The week after I arrived in Warrnambool about three months ago, 1,000 people attended a public meeting about the proposed introduction of fluoride to the water supply here. For a town the size of Warrnambool, that’s a lot of people… Having come from Canberra via Melbourne I was surprised to find that fluoride wasn’t already in the water – indeed, outside the major cities (with the notable absence of Brisbane), fluoride seems to be the exception rather than the rule. Several areas in regional Victoria – including Ballarat and Geelong – are currently discussing flouride. In some cases, local councils are getting involved, in others, they’re standing back saying it’s very much a state government issue.

The debate over fluoride has been a frustrating one – the anti fluoride campaigners have organised several public meetings and demonstrations, but their efforts to involve anyone from the pro fluoride side in any kind of public debate have been flatly refused. Meanwhile, the Department of Human Services have taken out newspaper ads to spread their pro-fluoride message, and the Chief Health Officer with the DHS, Dr John Carnie, has also visited Warrnambool to talk to members of the media. At the same time he was here, Dr Paul Connett, the Executive Director of the Fluoride Action Network, was in town speaking at a public event. The two didn’t meet, but Dr Connett did appear on the breakfast program to put forward some of his ideas.

Dr Connett pointed to several studies from China and India which seemed to indicate that fluoride can lower your i.q., he also spoke about links with thyroid problems, and the effects of dental fluorosis, suggesting that some children in the US have been so severely affected that they’re ashamed to show their teeth when they smile. To answer some of these claims, Dr John Carnie agreed to be interviewed on the program as well, and provided a very different interpretation of some of these studies.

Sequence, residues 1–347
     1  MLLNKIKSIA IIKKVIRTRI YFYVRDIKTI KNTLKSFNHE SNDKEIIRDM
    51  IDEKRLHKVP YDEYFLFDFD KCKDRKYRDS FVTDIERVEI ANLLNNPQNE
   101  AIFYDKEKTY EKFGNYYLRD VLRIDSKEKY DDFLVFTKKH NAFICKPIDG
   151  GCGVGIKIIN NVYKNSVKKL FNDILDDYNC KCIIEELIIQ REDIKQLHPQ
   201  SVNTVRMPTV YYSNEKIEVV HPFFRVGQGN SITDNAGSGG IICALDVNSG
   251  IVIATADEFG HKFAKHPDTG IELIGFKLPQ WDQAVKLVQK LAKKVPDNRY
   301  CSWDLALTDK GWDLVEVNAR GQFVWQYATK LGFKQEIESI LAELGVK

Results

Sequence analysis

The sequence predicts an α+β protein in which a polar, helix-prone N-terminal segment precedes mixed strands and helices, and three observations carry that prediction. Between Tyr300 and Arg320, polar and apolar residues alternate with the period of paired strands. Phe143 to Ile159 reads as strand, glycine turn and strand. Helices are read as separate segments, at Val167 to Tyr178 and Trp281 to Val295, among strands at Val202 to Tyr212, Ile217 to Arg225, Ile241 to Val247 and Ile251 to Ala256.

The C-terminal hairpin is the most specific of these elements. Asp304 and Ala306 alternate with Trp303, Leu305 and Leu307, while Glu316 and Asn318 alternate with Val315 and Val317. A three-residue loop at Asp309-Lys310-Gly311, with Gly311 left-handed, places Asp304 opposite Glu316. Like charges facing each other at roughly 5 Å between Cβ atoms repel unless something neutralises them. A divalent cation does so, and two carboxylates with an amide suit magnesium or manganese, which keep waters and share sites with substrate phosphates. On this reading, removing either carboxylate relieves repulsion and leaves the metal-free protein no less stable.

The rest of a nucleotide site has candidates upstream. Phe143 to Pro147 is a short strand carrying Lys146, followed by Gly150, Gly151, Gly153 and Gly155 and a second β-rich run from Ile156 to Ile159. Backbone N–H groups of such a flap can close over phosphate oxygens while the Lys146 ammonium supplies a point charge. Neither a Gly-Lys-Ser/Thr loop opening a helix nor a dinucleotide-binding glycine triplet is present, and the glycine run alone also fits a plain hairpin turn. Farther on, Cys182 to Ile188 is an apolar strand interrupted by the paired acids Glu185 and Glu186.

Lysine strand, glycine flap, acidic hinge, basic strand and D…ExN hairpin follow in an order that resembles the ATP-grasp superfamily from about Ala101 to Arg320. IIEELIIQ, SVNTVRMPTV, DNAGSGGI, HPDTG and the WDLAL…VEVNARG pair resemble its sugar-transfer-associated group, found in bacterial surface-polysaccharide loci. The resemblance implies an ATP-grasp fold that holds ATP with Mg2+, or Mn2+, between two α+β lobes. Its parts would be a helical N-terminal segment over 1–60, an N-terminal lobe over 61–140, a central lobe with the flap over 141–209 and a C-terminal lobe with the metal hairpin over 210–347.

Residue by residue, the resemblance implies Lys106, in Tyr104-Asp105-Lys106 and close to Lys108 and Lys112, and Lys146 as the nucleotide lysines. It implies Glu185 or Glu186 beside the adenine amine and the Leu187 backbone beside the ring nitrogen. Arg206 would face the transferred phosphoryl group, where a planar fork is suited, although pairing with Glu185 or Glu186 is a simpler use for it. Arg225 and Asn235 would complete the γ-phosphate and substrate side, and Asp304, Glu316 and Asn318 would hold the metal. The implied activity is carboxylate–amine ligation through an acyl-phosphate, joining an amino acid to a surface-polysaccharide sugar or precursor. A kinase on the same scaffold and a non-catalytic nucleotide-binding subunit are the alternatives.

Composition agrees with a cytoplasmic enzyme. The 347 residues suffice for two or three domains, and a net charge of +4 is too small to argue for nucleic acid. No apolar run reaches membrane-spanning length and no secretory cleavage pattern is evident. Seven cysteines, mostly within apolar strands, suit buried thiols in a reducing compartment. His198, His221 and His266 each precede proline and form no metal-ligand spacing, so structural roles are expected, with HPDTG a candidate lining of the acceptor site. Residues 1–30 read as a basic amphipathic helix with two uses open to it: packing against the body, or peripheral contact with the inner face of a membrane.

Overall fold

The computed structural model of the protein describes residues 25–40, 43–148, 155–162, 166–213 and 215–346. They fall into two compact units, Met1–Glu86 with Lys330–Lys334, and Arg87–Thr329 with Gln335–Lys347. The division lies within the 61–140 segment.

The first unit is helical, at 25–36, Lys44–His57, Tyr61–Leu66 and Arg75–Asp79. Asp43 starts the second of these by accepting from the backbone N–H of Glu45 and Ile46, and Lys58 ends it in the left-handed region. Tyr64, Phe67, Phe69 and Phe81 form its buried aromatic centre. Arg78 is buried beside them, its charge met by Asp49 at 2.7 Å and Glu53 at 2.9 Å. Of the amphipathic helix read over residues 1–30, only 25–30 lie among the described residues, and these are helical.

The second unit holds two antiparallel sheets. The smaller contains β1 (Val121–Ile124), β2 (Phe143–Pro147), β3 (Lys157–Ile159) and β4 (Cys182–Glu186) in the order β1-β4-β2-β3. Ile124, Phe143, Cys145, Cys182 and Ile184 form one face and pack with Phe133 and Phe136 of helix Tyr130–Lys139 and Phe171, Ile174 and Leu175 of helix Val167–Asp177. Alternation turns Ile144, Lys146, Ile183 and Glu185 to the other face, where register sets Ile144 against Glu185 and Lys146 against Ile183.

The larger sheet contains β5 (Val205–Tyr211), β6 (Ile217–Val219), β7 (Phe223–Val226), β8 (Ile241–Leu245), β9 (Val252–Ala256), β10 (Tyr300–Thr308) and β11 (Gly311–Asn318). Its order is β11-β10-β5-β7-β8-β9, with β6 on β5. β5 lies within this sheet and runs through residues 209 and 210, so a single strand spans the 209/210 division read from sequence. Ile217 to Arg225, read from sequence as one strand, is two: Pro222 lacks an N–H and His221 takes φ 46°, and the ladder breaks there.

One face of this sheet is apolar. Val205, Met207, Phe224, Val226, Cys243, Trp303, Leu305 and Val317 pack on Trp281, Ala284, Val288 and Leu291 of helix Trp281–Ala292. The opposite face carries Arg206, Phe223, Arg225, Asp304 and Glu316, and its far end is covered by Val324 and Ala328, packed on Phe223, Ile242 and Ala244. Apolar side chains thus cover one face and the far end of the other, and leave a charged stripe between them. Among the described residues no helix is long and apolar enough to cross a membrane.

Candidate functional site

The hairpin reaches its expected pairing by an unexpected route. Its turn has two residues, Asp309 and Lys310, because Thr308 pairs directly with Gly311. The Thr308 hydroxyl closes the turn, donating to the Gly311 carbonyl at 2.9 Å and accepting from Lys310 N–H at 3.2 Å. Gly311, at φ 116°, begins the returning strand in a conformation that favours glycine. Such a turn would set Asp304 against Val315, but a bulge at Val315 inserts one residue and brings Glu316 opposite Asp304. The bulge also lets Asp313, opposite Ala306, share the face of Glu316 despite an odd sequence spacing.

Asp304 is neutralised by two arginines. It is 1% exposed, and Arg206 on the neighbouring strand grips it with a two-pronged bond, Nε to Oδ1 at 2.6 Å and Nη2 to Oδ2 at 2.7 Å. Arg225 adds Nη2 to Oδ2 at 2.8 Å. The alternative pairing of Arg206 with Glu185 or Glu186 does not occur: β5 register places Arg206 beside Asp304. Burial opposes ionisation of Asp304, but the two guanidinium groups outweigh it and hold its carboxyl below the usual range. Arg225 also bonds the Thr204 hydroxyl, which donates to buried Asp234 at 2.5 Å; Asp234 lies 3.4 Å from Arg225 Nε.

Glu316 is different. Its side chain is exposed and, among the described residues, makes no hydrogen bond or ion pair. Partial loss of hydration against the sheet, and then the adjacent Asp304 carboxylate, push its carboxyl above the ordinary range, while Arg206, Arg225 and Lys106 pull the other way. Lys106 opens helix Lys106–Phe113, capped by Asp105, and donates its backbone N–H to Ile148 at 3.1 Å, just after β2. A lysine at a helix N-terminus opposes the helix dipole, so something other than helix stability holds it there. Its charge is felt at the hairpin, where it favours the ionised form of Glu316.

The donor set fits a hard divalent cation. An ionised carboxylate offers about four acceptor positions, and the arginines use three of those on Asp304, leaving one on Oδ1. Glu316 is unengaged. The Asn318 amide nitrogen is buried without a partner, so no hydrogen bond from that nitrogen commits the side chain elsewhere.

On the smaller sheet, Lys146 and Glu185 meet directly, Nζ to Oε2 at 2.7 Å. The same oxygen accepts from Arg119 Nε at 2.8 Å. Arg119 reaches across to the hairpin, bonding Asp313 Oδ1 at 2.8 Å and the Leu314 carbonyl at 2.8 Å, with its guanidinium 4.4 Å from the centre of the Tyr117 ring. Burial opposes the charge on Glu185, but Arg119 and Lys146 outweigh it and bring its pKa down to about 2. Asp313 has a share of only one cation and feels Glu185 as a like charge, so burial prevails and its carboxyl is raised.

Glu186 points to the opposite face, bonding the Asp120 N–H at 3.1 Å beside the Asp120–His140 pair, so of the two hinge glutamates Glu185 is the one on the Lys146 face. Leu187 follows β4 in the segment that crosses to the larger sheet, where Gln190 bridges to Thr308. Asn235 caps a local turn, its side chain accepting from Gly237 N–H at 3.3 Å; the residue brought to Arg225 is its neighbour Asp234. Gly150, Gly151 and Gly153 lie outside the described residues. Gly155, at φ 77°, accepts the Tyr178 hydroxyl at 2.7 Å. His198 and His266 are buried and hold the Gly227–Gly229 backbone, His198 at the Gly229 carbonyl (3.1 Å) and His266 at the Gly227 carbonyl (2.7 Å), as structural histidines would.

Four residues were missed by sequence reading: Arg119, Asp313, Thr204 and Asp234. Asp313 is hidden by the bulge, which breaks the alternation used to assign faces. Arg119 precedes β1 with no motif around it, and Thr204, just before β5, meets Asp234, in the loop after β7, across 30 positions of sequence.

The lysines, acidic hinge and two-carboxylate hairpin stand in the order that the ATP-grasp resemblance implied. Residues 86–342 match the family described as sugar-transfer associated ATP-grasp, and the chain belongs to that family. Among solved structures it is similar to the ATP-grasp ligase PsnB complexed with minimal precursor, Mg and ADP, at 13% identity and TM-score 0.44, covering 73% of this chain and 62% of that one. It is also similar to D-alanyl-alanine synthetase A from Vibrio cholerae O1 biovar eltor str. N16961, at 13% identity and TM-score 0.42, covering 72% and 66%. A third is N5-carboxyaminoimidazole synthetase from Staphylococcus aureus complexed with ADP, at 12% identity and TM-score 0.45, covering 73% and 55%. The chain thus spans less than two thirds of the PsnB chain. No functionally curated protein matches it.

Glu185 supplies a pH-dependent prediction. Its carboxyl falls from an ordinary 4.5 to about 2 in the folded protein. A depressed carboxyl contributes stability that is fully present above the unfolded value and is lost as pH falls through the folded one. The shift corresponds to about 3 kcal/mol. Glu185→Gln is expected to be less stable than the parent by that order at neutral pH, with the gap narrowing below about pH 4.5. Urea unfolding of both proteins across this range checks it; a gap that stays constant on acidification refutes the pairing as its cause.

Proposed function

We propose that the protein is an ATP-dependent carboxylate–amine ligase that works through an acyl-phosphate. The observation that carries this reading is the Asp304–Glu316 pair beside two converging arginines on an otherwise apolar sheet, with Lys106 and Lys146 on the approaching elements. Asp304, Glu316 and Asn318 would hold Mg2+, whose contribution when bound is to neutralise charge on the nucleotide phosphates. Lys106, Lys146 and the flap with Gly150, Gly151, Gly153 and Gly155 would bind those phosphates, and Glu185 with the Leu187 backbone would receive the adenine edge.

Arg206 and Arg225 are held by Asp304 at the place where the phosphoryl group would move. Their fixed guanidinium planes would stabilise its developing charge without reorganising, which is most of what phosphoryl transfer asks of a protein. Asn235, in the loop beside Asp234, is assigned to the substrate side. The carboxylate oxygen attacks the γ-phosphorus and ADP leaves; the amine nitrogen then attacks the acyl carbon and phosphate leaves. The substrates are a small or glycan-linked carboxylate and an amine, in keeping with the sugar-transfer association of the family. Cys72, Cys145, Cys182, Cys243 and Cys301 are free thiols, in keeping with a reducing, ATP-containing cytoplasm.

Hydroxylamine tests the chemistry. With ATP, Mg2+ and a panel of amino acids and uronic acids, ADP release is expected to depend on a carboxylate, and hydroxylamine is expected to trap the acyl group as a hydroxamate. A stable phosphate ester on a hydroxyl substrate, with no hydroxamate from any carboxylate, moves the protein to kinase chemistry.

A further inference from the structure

Another point of difference is Europe where fluoride is delivered in different ways, including fluoridated salt, milk, and tooth varnishes. According to the pro fluoride side, the reason fluoride isn’t in the water in most European countries is because of topographical and engineering problems. The anti fluoride lobby say many of those countries have banned fluoride.

One thing both sides do seem to agree on is that it’s an equity issue… Dr Paul Connett produced evidence to suggest the real divide between good teeth and bad teeth was to be found in socio economic backgrounds, and Dr John Carnie stated that the DHS also see this as an equity issue – hence the decision to deliver fluoride in a form which is free to everyone.

The other big issue emerging from this debate is one of choice – regardless of whether or not you agree with the idea of putting fluoride in the water, a lot of people are angry that they’re not being given the chance to either vote on the issue, or make the decision themselves by putting fluoride into products which they can choose not to buy. In some areas though, including Portland and Port Fairy, there isn’t a choice as fluoride already occurs naturally in the water at levels which are close enough to the DHS’s ideal levels of one part per million.

Given that the majority of Australia’s population has access to, and presumably regularly drinks, fluoridated water, it might seem difficult to accept some of the anti fluoride arguments, unless, as Dr Connett argues, the proper studies just haven’t been done to look for the potential adverse health effects. However, during his visit to Warrnambool, Dr Carnie was quoted in the Warrnambool Standard as saying ‘what conceivable reason would we have, as public health practitioners, to advocate something that we know to be harmful? It would just go completely against all our public health principles’. You’d also have to ask why someone like Dr Paul Connett would spend his time flying around the world arguing against fluoride if he didn’t think there’s a real case against putting it into the water.

In these pieces of audio, Dr Paul Connett and Dr John Carnie outline their respective stances on fluoride, and Dr Colin Rix, an Associate Professor of Inorganic Chemistry at RMIT, talks generally about what fluoride actually is and how our bodies deal with it. The links below are to various organisations mentioned in these interviews.